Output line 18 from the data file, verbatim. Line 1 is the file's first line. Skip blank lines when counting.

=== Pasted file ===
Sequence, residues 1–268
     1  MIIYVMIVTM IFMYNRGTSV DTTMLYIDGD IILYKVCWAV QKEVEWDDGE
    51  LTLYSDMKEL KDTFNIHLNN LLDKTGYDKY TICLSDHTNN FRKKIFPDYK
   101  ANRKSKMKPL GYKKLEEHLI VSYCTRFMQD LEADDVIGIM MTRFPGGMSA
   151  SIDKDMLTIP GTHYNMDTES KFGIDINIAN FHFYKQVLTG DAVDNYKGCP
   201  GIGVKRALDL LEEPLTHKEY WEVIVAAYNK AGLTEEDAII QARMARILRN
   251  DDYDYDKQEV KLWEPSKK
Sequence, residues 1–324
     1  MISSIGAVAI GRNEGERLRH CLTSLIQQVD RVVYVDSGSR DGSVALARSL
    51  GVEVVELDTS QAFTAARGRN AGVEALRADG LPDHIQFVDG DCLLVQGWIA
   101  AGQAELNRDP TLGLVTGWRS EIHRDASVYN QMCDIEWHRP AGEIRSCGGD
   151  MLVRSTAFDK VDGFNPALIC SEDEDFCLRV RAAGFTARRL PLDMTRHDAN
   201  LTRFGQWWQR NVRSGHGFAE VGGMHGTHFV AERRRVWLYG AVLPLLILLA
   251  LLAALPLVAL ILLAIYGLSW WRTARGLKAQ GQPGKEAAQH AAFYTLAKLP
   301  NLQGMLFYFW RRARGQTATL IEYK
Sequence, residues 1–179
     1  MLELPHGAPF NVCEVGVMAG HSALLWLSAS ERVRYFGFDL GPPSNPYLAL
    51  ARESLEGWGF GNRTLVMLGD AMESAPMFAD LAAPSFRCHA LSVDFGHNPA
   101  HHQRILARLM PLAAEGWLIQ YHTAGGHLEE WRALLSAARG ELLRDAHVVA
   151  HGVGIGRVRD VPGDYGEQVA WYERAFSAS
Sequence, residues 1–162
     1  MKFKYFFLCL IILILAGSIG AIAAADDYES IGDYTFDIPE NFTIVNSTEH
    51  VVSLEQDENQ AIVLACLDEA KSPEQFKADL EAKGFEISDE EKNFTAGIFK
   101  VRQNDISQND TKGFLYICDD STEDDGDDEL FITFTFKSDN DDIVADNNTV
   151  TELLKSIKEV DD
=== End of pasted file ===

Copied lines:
    51  ARESLEGWGF GNRTLVMLGD AMESAPMFAD LAAPSFRCHA LSVDFGHNPA